They can’t or won’t live in homeless shelters and that’s one reason local tent cities are expanding. One even has its own government and this week John Villella and I will take you inside these local ‘communities’.
In Providence, it’s called Hope City which is somewhat sheltered under the Crawford Street Bridge.
“This was set up as 98% percent need and 2% protest,” Barbara Ferrara tells us.
She serves as the treasurer in Hope City’s fledgling ‘government’.
In the shadows of Woonsocket’s River United Methodist, it’s about protection.
“Tents have been set on fire while they’re actually sleeping in the tent,” the Reverend Brian Souza tells us.
He says the homeless were safer near his church.
“We’ve had several who have been beat up. We had one gentleman who’s no longer with us. He died on the streets 2 years ago but kids used to throw rocks at him.”
A Providence homeless advocate who did not want to talk on camera tells us many of the tent city homeless either won’t or can’t follow shelter rules.
“Sometimes yes,” Barbara tells us. “And sometimes no.”
Shelter rules touch on criminal records, drug use, religion. . .
“And forcing religion on someone seems very wrong.”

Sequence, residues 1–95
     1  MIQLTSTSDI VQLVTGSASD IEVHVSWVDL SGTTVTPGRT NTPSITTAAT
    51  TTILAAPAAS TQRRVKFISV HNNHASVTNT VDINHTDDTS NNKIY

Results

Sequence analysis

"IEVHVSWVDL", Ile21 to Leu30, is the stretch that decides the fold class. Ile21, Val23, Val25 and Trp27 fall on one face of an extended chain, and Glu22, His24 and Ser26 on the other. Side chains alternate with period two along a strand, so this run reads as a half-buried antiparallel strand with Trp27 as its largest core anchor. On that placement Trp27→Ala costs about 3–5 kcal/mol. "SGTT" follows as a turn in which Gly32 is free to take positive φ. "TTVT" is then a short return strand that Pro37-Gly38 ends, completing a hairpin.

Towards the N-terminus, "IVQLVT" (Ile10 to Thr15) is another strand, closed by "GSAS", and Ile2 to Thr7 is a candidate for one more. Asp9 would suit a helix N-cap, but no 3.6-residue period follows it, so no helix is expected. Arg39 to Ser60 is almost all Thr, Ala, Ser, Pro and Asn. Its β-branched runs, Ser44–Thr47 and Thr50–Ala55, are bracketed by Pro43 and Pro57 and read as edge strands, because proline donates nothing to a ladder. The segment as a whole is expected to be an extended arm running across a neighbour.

But she admits rule number one in Hope City is that you must have been barred, not allowed to live in any local shelters. That’s what sent some homeless to set up a second tent city across the Providence River. The people who live there could live in shelters but choose not to.
Barbara used to live in abandoned homes that she calls, ‘abandominiums’
“Abandomiums,” she repeats with a craggy laugh. “See. Homeless people can be funny.”
“It’s funny but it’s sad,” I tell her.
“It is. I lived literally two streets from the mayor. He never knew I was there”
About 20 live in Hope City now and during the last 3 months, about a dozen were helped by leaders of that community to move off the streets.
“Into homes. Into jobs. Into jobs and homes.”
I tell Barbara that Hope City sounds like a shelter without the shelter.
“We are. We are a shelter that runs without grants. Without funds.”
In Woonsocket, River United tried to keep the tents pitched.
“To work out whatever variances need to be done.”
“A variance for what?” I asked Reverend Souza, pointing out that the tents are on church property.
“I’m not sure,” he says. “I never saw a citation.”
The church-side tents eventually came down and in Providence they know the rusty Crawford Street Bridge is coming down next year.
“Where are you going?” I ask.
“We have a few places.”
Meanwhile, River United Methodist is handing out 50 or so more tents and there’s a waiting list for even more for people who will pitch them somewhere out there in Woonsocket.
Take a look at the video version of this story by clicking on this link.
Let us know what you think and please keep the ideas flowing.